To veg? Or not to veg?

Happy Belated Bastille Day!!!

Yesterday started with a standard bowl of oats:

Lunch was a standard Righteous Salad:

Except this one had a layer of baked beans on the bottom

A banana for afternoon snack to tide me over to dinner.

and then came dinner šŸ™‚

Yesterday was Bastille Day, so I decided to make something associated with France for dinner. (Note: I LOVE France and most things French). Chicken Cordon Bleu seemed perfect! I also made Ellie Kreiger’s Green Bean Salad.

Delicious! Two changes, I didn’t have parsley, and I used white onion instead of red. This was an awesome and easy side dish! It actually got better as we ate it, and Erm couldn’t get enough!

I don’t want to toot my own horn… but this meal was delicious. Even Erm said “this is the best thing you’ve made in awhile!”

I don’t know if that means I haven’t been cooking well, or this was just THAT good, but I don’t care. The shallot sauce totally made this dish.

(Note: I would not feature this chicken as a “healthy” meal… especially with the sauce šŸ˜‰ )

So as I was cooking, I was thinking… I can’t remember the last time I cooked chicken. Or pork, for that matter. And as I kept thinking, I realized that I probably only eat meat once or twice a week now. (I’m not counting fish, although I don’t eat that very often any more, either).

A few months ago, I was told about the Blood Type Diet, which says that your blood type and dietary needs are based on where your ancestors lived, etc, etc. I don’t know about the history part, but someone did tell me something that made sense, something along the lines of people with my blood type lacking the acid in our bloodstream and systems to efficiently break down meats, so they turn into fat. (I am A+). That part sounded more scientific and made a little more sense, so I tried it. And without realizing it, I stopped eating meat for most of the time.

Weird! I have always toyed with going vegetarian for ethical reasons. I am such a huge animal lover, and sometimes when I think about meat, it does gross me out. Or I can remember times that I’ve been eating (and enjoying) a cheeseburger and getting nauseous right there in the middle of it. Last year I took a group of kids to volunteer at a farm animal sanctuary and I went vegetarian for almost three weeks without thinking twice about it. But I’ve never been able to stick to it.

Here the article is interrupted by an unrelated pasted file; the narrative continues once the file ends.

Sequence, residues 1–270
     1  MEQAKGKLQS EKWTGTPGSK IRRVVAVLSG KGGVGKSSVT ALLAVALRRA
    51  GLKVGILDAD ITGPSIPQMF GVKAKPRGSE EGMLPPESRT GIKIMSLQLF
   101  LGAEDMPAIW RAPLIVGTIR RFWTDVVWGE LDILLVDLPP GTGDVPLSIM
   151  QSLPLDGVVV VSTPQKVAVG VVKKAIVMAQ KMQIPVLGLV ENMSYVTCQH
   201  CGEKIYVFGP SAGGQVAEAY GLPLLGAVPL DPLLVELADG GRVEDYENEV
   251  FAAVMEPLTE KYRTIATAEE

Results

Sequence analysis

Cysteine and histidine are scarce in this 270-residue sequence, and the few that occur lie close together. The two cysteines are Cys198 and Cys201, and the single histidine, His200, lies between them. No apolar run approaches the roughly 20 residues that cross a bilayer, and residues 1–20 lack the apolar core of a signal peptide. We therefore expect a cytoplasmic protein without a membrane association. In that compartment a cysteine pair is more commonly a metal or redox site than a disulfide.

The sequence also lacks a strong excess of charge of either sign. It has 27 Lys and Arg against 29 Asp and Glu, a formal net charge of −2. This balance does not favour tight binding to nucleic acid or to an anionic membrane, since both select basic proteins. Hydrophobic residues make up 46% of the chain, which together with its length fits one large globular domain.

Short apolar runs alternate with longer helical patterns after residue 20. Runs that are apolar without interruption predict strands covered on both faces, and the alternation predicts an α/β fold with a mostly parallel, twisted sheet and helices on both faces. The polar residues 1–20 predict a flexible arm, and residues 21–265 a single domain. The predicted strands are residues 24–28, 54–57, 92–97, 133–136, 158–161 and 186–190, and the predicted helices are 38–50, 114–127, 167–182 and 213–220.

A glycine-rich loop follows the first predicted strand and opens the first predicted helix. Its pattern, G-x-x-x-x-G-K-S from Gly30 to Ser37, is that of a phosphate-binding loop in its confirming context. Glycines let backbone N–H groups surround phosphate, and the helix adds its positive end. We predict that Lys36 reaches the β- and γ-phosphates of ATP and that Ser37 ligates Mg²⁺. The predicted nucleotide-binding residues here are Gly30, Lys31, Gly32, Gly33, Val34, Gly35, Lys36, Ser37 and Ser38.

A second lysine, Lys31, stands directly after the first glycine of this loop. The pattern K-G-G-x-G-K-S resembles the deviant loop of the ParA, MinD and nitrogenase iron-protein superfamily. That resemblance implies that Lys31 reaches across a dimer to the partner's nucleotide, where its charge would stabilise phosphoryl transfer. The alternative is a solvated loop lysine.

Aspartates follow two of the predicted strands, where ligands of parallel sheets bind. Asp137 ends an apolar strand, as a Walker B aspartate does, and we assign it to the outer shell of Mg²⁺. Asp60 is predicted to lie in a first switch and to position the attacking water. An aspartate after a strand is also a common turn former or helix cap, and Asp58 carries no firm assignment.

I actually have a friend, Demi, who just started eating meat again after three years. She told me she became a vegetarian as a challenge to herself, to see how long she could go without eating meat. Anyone else ever hear of this? I found it fascinating. Demi is a unique and hysterical girl, so I guess it makes sense that she was a vegetarian for a reason I’ve never heard of before. And as she was going through her college graduation festivities, she realized she missed hotdogs, and is back to eating meat. I feel like that’s like giving up drinking for three years and going back for Naddy Ice, but whatever floats your boat. I think her decision and her resolve to stick with it merely for the sake of challenging herself is quite impressive!

Since I stopped eating a lot of meat, I’ve noticed a big change in how I feel. I have more energy, less digestive problems, and I am running faster. I crave chickpeas, beans, eggs, and tofu. Could it be that I’m really not built to be a meat-eater? Or have I just reconditioned my body? Also, there’s the whole food chain thing. Cavemen ate meat, so I’m thinking its pretty natural, but I know vegetarians have an argument for this one, as well, I just don’t know what it is yet.

I know I could give up chicken and pork chops no sweat. Bacon/pork roll/proscuitto/etc… that’s a tough one. Steak… also tough. I still have days here and there when I just want a steak. But even as I type this, I’m conflicted. I would like the reason that I give up meat (even if its not 100% of the time) to be ethical, but it seems that I’m doing it for health reasons, and I feel like a big fake almost-vegetarian. And is being an almost-vegetarian enough to make a difference?